The third and last of the journeys I took using the gamebook Engeki Quest was the route titled Invitation From Far Away. I was instructed to start at this ship.
Having already completed two of the routes I was familiar with the format and had found my own way to interact with the book. If I was uncertain about a location I didn't worry too much as I might get back onto the route at the next point; if I fell off the route completely I could still use it as the start of my own adventure.
I was asked to remember people and events from my memories and weave these into a story. At the same time, small dogs were clamouring for attention and demanding to be part of that story too. These worlds didn't belong together so some accommodating needed to happen.
When asked to cross the road, either over the right hand crossing or the left hand one, my curiosity got the better of me and, as well as crossing over the right, I went back through the text to see what would have happened if I had followed the other side. I wanted to know what the consequences of my choices were. As expected, the two paths merged again soon after but by taking the left crossing you get to read a short additional piece of information. While the final destination is the same and routes very similar too, the precise manner of getting there does differ and what you bring to it will alter it a great deal more. To get the most out of this gamebook, then, you have to concentrate on the experience of going through it and not upon the satisfaction that comes with its completion. By chewing over each part and allowing it to add to the overall picture that you hold of the route, the experience becomes more distinct.
I was directed into the lobby of an elegant hotel, like all the other readers of this route. Clutching my copy of Engeki Quest, ready to present it if anyone asked what I was doing, I looked around. I was left in solitude to continue my story. Neither the concierge nor other readers of the book entered into it.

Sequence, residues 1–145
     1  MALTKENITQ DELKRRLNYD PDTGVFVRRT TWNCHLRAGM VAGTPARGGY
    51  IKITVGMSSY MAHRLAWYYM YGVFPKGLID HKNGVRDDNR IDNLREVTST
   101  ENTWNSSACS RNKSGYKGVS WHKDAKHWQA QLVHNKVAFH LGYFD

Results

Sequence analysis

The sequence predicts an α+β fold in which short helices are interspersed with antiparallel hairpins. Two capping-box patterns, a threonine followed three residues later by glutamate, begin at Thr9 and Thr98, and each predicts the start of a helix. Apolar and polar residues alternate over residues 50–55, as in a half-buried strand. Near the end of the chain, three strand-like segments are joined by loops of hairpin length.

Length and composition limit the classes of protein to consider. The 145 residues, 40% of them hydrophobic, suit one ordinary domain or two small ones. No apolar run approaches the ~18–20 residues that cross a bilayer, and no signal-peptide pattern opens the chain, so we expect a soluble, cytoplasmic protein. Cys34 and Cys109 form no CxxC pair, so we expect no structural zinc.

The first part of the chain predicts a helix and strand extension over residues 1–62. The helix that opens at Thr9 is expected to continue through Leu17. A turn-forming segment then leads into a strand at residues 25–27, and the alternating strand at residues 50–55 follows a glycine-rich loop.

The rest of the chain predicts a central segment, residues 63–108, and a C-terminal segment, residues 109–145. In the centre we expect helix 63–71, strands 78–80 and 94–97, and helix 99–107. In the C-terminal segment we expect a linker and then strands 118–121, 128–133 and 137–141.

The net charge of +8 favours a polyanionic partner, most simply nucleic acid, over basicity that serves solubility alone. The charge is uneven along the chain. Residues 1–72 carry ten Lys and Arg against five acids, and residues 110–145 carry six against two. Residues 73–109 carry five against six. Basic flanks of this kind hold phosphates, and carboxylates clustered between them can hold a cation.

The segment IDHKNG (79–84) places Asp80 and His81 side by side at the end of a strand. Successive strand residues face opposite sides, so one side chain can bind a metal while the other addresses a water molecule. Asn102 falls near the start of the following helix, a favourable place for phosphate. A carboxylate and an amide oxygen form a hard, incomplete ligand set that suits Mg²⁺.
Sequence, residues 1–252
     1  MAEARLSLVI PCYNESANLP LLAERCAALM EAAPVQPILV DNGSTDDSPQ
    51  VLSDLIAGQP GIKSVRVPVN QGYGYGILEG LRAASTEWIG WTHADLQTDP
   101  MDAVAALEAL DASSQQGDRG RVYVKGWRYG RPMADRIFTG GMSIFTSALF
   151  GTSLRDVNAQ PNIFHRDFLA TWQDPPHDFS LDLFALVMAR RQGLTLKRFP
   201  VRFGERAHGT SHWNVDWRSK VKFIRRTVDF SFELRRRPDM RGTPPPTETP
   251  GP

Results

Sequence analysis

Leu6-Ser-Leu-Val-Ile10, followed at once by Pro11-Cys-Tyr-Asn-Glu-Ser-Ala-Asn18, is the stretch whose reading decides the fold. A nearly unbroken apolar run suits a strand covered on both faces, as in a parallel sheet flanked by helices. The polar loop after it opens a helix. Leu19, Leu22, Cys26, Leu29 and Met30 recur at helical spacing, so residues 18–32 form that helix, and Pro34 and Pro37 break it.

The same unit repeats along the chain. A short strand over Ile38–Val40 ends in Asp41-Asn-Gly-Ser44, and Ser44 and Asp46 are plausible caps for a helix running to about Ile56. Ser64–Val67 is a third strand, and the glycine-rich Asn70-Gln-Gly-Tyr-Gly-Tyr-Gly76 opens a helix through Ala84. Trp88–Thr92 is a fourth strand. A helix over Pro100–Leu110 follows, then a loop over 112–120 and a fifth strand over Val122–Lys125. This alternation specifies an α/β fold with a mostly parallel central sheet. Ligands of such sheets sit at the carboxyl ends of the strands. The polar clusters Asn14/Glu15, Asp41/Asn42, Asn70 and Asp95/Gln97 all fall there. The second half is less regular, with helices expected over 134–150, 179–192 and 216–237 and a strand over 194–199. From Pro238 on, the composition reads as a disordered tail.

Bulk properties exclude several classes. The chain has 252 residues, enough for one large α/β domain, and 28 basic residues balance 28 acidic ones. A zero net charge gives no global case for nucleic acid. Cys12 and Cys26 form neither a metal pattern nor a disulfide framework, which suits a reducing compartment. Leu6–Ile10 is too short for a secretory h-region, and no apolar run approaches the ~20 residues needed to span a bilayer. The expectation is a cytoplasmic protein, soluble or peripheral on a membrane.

In the internal courtyard I was invited to sit and think of an old teacher of mine. I was always too much of a rebel to remain close to my teachers and besides, in the UK we don't have the same tradition of remaining connected to our former teachers. I thought hard and finally came up with Mrs Pearson, my secondary school biology teacher. She had the unenviable task of teaching sexual education to a group of 30 teenage boys. She managed to hold enough order in the classroom that she was able to teach us the basics, so for that alone she deserves praise. Thank you Mrs Pearson, you probably prevented some major embarrassments and even accidents!
A few times, when reading the book, I was told to look for a number such as the number of the top left umbrella holder. This number then directed me to the next text entry in the book. In this way there was some interaction between the real life locations and page numbers: you could only find the next entry if you were actually in the location and could check the numbers for yourself.
As an ending, I was asked to imagine Mrs Pearson coming down the stairs. I had to think hard to picture her from back in my schoolboy days and guess how she now looks, seeing as she must have retired. I would not recognise her in the street but on this blue carpeted stairway, within the frame of this quest it was easy enough to imagine talking to her, now as an adult rather than as a fourteen year old, awkwardly self-conscious boy. "What brings you to Yokohama?" I might begin, and she might reply she recieved, "an invitation from far away," from her nephew who was getting married here in Yokohama. And so the story would roll on.